by Rick Lober, Defense and Intelligence Systems Division Vice President and General Manager, Hughes Network Systems
UAV Predator pictured above, source: Wikicommons
Militaries in the past adhered to the philosophy that bigger and more powerful was better. Today’s warfighters are flipping that notion on its head, seeking out platforms that are lighter, faster and invisible to the enemy, especially with the rising demand for smaller Unmanned Aerial Vehicles (UAVs). Global militaries will spend $70 billion on UAVs by 2020, according to a recent report by Goldman Sachs. While militaries are buying more UAVs, the importance of advancing UAV technology – especially as it relates to Intelligence, Surveillance, and Reconnaissance (ISR) missions – cannot be underestimated.
As both military and commercial operations continue to globalize, the need for highly efficient systems that can relay data back to the ground over long distances is steepening a trend in communications technology to meet these requirements.
Unmanned technology is already being tasked with more mission-critical functions than ever before including flying undetected, carrying anti-jam capabilities all while transmitting more data. The next generation of Class III UAV systems requires payloads and systems optimized for lower size, weight, and power (SWaP). These advances will deliver systems that improve flight duration, range and throughput to ensure situational awareness for warfighters.
The need for beyond line of sight (BLOS) communications requires installing SATCOM systems on UAVs. That is driving significant demand for lower SWaP systems and industry is responding. As the operational landscape has expanded globally, militaries are increasingly relying on UAVs to gather intelligence over long distances. UAVs are an essential tool, helping today’s warfighters fight smarter on the ground by keeping them informed throughout their missions.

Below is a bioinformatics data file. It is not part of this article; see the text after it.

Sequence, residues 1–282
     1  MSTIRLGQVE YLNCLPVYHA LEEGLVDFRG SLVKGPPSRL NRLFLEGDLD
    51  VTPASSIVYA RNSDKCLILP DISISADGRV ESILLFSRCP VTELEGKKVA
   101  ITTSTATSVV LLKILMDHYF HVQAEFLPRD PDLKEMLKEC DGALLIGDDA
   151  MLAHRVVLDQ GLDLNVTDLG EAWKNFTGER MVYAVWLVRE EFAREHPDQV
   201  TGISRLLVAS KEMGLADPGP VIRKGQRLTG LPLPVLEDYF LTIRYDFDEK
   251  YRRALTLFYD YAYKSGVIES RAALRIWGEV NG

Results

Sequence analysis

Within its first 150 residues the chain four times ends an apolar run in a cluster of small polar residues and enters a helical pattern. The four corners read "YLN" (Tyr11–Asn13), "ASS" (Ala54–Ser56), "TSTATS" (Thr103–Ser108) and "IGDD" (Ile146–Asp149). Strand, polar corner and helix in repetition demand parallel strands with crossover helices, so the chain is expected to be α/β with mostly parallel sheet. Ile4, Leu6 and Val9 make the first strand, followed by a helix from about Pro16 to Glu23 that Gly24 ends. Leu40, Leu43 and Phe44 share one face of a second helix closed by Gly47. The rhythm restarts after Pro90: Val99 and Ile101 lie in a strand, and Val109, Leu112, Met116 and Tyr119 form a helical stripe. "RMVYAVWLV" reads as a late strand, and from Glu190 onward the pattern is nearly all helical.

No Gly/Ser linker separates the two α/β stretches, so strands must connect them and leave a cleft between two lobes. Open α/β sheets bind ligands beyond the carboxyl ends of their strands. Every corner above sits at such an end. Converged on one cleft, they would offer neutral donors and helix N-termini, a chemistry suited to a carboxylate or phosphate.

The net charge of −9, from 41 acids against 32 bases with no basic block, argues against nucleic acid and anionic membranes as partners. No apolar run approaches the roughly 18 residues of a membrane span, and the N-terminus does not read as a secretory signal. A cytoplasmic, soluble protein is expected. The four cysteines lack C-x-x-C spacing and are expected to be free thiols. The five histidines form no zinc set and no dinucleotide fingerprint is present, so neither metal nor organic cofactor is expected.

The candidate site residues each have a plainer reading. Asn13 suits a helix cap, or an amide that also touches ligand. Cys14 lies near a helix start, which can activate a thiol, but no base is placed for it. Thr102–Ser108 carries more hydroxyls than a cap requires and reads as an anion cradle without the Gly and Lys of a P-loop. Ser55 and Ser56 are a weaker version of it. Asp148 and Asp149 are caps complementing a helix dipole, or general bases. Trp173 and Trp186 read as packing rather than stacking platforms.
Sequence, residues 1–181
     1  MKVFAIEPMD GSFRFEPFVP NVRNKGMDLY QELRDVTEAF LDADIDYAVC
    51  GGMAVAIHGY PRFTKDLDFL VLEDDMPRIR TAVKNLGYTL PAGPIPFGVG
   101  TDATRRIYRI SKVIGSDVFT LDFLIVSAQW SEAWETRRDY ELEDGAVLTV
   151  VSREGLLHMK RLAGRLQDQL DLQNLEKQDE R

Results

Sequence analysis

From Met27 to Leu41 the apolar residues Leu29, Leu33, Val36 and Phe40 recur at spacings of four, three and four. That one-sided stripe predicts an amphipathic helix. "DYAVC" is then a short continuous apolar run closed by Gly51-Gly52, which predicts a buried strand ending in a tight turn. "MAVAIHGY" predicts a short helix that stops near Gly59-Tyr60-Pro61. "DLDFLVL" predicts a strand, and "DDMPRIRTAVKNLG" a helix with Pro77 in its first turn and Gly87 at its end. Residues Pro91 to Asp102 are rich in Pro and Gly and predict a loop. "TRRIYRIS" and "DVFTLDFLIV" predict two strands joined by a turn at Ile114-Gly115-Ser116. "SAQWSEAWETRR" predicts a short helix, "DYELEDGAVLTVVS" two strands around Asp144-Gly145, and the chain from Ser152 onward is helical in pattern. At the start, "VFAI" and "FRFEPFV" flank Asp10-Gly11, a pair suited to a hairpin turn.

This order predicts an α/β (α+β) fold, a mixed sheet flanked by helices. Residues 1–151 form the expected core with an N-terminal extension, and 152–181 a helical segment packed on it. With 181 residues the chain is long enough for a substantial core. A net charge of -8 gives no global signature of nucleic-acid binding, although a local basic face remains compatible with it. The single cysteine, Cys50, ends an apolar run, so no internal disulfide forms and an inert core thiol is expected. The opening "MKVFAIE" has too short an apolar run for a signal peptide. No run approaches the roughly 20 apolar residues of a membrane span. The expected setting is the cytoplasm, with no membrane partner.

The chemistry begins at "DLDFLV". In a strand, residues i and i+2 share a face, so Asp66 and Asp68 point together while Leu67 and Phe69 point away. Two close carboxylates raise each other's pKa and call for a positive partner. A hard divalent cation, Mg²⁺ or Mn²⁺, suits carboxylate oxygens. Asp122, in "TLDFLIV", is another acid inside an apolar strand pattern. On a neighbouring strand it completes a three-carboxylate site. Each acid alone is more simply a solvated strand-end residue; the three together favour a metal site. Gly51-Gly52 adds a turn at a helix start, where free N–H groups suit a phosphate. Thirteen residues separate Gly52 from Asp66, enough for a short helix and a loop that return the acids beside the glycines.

Advances in satellite technology, including smaller modems and antennas, are delivering significant progress toward meeting reduced SWaP requirements. As an example, the innovative Hughes HM50 is a credit card sized, software definable modem running specialized waveforms, which can be integrated with smaller and lighter antennas yet still deliver the high data throughput required.
When operating over line-of-sight (LoS) communications links, airborne platforms are generally limited to about a 150-mile range before losing signal to atmospheric losses, the curvature of the Earth, or terrestrial environments that block the signal. UAV’s need satellite communications that extend beyond line of site in order to expand the operational range of the aircraft and allow for operations throughout mountains and valleys.
Today’s warfighters need more data and capacity in less space. With more efficient data compression such as MPEG5 (H.265), systems are now providing the same video quality at half of the data rate. For example, better video compression today requires only a 1–2 Mbps data link instead of a 2-4 Mbps data link that uses older MPEG 4 encoding technologies. At the same time, higher power, spot beam satellite systems are allowing these smaller antenna systems to close the link at higher rates.
It’s not enough for UAVs to move faster over longer distances, they often need to operate undetected in contested environments. This is where Low Probability of Intercept and Low Probability of Detection (LPI/LPD) features come in as critical capabilities. At the end of the day, adversaries can’t jam devices they cannot easily detect. Waveform enhancements make it more likely that UAVs will be able to move through airspace while transmitting data undetected.
Militaries still need short-term solutions to aid in SATCOM operations security (OPSEC) and should be looking to commercial technology, which is rapidly innovating new possibilities.
As UAV’s supporting ISR missions continue to shrink – in size and cost – with new BLOS communications technologies, new applications will emerge to support our warfighters in the field. UAVs are an integral part of the seismic shift in modern warfare-arming warfighters with better
About the Author
Rick Lober, Hughes Network Systems. Rick is vice president and general manager of Hughes Network Systems’ defense and intelligence systems division. Rick Lober can be reached online at (@hughes_corp https://www.facebook.com/HughesNetwork/, https://www.linkedin.com/company/3569/admin/updates/) and at our company website https://www.hughes.com/